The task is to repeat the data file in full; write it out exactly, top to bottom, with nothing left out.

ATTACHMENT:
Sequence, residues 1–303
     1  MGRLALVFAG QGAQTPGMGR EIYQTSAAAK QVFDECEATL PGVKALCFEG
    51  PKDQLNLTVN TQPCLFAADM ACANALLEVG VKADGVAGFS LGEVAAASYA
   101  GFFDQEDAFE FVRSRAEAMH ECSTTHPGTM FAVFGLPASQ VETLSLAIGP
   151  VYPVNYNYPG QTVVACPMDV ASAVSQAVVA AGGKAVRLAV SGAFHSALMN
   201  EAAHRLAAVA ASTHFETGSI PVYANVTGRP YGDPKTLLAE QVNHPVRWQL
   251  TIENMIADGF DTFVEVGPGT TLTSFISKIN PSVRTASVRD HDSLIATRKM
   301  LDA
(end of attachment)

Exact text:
Sequence, residues 1–303
     1  MGRLALVFAG QGAQTPGMGR EIYQTSAAAK QVFDECEATL PGVKALCFEG
    51  PKDQLNLTVN TQPCLFAADM ACANALLEVG VKADGVAGFS LGEVAAASYA
   101  GFFDQEDAFE FVRSRAEAMH ECSTTHPGTM FAVFGLPASQ VETLSLAIGP
   151  VYPVNYNYPG QTVVACPMDV ASAVSQAVVA AGGKAVRLAV SGAFHSALMN
   201  EAAHRLAAVA ASTHFETGSI PVYANVTGRP YGDPKTLLAE QVNHPVRWQL
   251  TIENMIADGF DTFVEVGPGT TLTSFISKIN PSVRTASVRD HDSLIATRKM
   301  LDA